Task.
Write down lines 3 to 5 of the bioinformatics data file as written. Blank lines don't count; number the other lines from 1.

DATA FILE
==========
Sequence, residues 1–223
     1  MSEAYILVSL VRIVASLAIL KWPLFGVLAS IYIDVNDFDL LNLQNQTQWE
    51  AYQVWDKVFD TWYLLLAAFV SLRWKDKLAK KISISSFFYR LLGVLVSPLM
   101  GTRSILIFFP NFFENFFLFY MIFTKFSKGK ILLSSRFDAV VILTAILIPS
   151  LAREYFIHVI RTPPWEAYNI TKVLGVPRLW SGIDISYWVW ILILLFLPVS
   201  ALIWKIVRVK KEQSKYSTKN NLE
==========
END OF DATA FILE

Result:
    51  AYQVWDKVFD TWYLLLAAFV SLRWKDKLAK KISISSFFYR LLGVLVSPLM
   101  GTRSILIFFP NFFENFFLFY MIFTKFSKGK ILLSSRFDAV VILTAILIPS
   151  LAREYFIHVI RTPPWEAYNI TKVLGVPRLW SGIDISYWVW ILILLFLPVS